Toward Social Justice: Learning from the Outsider Within Revisted
Friday, March 30, 2012 | 12:00 p.m. - 1:15 p.m. | Location: 4th Floor Davis Center
Over twenty years ago, I published "Learning from the Outsider Within: The Sociological Significance of Black Feminist Thought" where I examined the potential benefits of being treated as an outsider within communities to which you seemingly belong. I suggested that, rather than seeing outsider within locations that were created by power relations of race, class, gender and sexuality as places of alienation, we might learn from Black women and other people who lived in such spaces because they had an edge in seeing the world differently than those in the center. My presentation revisits the construct of the outsider within, examining how its meaning has changed, and exploring its utility for contemporary social issues. In particular, I explore how the emancipatory potential of the construct of the "outsider within" has increasingly been recast as a personal identity category of marginality and alienation from the mainstream. This shift parallels similar trends within anti-racism, feminism and similar social justice projects where ideas about power, social hierarchy and equality have shrunk, leaving amorphous ideas about difference and diversity behind. I examine the significance of these trends.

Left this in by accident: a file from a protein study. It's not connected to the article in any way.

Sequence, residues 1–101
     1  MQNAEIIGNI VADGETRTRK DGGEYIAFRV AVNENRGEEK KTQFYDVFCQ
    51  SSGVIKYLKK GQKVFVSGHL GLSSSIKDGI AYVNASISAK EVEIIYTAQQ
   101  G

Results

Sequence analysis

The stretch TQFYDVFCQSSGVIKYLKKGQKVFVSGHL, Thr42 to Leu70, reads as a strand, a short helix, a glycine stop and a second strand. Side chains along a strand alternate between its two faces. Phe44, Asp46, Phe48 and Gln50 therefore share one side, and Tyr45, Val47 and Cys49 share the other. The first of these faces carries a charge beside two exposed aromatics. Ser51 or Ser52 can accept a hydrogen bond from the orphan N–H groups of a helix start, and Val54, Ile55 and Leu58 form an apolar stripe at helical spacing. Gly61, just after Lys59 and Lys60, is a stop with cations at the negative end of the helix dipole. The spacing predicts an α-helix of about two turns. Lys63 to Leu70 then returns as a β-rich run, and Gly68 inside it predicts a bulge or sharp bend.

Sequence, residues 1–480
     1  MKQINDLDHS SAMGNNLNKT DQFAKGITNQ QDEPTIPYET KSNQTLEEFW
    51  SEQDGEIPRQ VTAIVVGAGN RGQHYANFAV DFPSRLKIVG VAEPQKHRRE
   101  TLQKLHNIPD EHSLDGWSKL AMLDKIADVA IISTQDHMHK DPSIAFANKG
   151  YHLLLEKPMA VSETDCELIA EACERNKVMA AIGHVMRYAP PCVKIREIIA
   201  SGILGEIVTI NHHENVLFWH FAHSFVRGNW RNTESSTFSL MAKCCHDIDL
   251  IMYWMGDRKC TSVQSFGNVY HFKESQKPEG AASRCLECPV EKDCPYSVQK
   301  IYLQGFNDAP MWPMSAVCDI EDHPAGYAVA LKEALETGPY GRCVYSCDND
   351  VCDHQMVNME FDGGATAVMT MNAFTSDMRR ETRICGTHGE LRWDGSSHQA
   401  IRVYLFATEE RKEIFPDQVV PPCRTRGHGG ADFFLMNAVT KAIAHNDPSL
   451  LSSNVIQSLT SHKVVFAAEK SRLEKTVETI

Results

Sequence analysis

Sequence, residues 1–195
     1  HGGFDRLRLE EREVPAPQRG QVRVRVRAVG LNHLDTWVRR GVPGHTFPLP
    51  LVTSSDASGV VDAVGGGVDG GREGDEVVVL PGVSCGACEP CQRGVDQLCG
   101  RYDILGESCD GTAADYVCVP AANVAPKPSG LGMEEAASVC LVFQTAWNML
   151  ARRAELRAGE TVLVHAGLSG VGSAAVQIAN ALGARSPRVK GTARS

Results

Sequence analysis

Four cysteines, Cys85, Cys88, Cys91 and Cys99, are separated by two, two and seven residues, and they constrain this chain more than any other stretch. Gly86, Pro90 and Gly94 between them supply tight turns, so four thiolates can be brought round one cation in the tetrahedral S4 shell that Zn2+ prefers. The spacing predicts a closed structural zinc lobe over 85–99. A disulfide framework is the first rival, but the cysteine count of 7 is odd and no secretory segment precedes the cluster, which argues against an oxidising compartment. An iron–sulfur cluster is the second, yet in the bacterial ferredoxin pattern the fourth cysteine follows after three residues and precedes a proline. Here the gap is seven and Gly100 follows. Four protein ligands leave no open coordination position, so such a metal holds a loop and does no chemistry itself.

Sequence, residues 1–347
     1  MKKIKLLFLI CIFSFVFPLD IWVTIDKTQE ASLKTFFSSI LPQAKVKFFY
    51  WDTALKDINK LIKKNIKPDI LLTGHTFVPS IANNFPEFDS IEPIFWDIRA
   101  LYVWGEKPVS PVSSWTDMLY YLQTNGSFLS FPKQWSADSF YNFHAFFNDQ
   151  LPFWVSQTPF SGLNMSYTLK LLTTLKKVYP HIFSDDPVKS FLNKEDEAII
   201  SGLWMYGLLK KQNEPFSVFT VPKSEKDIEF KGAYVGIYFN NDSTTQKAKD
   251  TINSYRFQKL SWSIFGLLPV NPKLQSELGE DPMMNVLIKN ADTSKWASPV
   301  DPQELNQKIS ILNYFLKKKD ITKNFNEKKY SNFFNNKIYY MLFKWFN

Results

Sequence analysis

Introducing Patricia Hill Collins: